Remaining on the list of Non-Self-Governing Territories are the Falkland Islands (Malvinas), Gibraltar, New Caledonia and Western Sahara, as well as American Samoa, Anguilla, Bermuda, British Virgin Islands, Cayman Islands, Guam, Montserrat, Pitcairn, Saint Helena, Tokelau, Turks and Caicos Islands and the United States Virgin Islands.

The Special Committee will reconvene at a date and time to be announced.

21 February 2013

Department of Public Information • News and Media Division • New York



Following are UN Secretary-General Ban Ki-moon’s remarks at the opening of the 2013 session of the Special Committee on Decolonization in New York on 21 February:

Thank you for this opportunity to address the Special Committee at the start of its annual programme of work.  We are now well into the third International Decade for the Eradication of Colonialism.

Against the backdrop of ongoing financial crises and growing budgetary pressures, we must all strive to work with a results-oriented approach.  I have recently invited the General Assembly to consider reviewing mandated activities.  I would also appeal to this Committee to review its practices to maximize its effectiveness.

The international community is more convinced than ever that colonialism has no place in the modern world.  The eradication of colonialism, in keeping with the principles of the Charter and the relevant United Nations resolutions, is our common endeavour.  This requires the constructive involvement of all concerned — the Special Committee, the administering Powers and the Non-Self-Governing Territories — working on a case-by-case basis.

The Special Committee should be at the forefront in identifying possibilities for change and in promoting priorities in the decolonization process for the benefit of all.  As the intergovernmental body exclusively devoted to decolonization, the Special Committee is expected to devise fresh and creative approaches to mobilize the political will to advance its agenda.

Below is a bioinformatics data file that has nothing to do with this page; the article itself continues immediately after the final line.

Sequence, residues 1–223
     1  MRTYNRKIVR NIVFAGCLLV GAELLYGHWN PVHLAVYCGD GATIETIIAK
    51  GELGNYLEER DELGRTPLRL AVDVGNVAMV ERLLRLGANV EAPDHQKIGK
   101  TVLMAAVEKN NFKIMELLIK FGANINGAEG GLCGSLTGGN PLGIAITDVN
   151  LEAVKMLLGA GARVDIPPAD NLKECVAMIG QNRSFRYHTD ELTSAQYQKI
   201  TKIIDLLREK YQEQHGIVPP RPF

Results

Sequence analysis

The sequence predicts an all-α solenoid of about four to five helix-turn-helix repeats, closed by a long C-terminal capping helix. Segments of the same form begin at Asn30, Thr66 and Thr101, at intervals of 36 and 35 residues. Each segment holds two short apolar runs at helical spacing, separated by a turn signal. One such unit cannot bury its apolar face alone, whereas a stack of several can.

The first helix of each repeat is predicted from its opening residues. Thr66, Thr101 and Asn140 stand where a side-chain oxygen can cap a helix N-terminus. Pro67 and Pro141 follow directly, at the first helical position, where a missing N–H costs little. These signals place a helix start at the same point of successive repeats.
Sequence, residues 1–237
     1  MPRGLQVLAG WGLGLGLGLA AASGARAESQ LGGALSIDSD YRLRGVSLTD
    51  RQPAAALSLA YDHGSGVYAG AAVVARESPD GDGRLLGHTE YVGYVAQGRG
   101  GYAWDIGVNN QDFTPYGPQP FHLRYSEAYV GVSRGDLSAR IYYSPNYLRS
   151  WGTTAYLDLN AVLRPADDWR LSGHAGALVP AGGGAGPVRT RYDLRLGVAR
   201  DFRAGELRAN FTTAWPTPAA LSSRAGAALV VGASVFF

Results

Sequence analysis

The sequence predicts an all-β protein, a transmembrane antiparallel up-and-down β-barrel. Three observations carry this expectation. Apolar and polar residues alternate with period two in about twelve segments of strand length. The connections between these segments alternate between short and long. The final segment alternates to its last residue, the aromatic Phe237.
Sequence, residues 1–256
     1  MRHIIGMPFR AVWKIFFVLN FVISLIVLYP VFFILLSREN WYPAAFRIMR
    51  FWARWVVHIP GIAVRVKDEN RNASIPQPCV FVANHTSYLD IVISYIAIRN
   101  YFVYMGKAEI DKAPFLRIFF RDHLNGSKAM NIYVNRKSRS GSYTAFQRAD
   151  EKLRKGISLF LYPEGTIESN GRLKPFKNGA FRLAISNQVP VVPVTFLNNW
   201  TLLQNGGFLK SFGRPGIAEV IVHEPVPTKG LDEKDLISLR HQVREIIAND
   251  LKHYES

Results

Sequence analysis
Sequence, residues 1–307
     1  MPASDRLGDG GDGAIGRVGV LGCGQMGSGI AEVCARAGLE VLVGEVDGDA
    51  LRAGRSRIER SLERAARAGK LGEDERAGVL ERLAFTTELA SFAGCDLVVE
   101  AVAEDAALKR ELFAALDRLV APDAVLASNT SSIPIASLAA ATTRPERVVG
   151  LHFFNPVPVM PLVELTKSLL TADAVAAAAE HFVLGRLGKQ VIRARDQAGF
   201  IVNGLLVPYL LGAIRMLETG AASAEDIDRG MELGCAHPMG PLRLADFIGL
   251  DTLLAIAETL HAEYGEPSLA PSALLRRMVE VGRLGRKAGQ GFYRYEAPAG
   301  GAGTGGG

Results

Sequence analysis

As we know, the world is in a great transition.  Many old structures are breaking down.  New arrangements are taking shape.  In the area of decolonization, 16 Non-Self-Governing Territories require our attention.  As we look ahead, the narrative cannot again be portrayed as “decolonization deferred”.

We no longer have the luxury of indulging in rhetoric and rituals.  Concrete action and tangible results are essential.  It is time for a new kind of fully inclusive dialogue about decolonization.  The risk of movement, while sometimes frightening, is far more preferable to the stagnation of the status quo. (emphasis added - OTR)

As you begin your work, I assure you that the Secretariat will continue to provide the necessary assistance to the Special Committee.

I wish you every possible success in your efforts.

* *** *

See:  A Conversation on the Challenges to Contemporary Decolonisation

See also: Innovative Plan for International Decolonisation Proposed to UN

British Governor, Attorney General and CFO must go, says Turks & Caicos Islands Premier

In a new letter to Britain’s Foreign Secretary, William Hague, Premier Rufus Ewing has said that Governor Ric Todd, Attorney General Huw Shepheard and Chief Financial Officer Hugh McGarel-Groves must be recalled and replaced by persons who will better accommodate Ewing’s government.

Premier Rufus Ewing
It is unclear what caused the letter of February 10 to be written, while Ewing was at the same time conducting press conferences, not mentioning the strong messages in the letter.

One of the principal complaints of Ewing’s letter was that the prosecution of the former PNP cabinet members was “a farce”. This, Ewing said, was because British and other expatriates who took part in corrupt dealings had opted to pay millions in fines to escape prosecution by the special investigation and prosecution team (SIPT). 

Ewing did not explain in his letter why he felt the prosecution of former ministers Floyd Hall, McAllister Hanchell, Lillian Boyce and Jeffrey Hall was not justified.

Ewing seemed to associate Governor Todd with the interim government, saying that, when Todd arrived to run the direct rule government, he acted as a dictator. However, the interim government came into being in August 2009 under then Governor Gordon Wetherell. Todd arrived two years later in mid 2011 and within little over a year called for elections to return local rule. 

Ewing did say in his letter that Todd had promised that actions by the House of Assembly would be respected. It appears this portion of the letter anticipates the governor’s veto of the VAT repeal bill, which was brought by opposition leader Sharlene Cartwright-Robinson and which received overwhelming support. Only the two parliamentary members appointed by the governor, Lillian Misick and John Phillips, voted against the bill.

This also has raised questions about the letter because, at a press conference held the day after the letter is dated, Ewing acknowledged that it was the governor’s constitutional right to veto the legislation.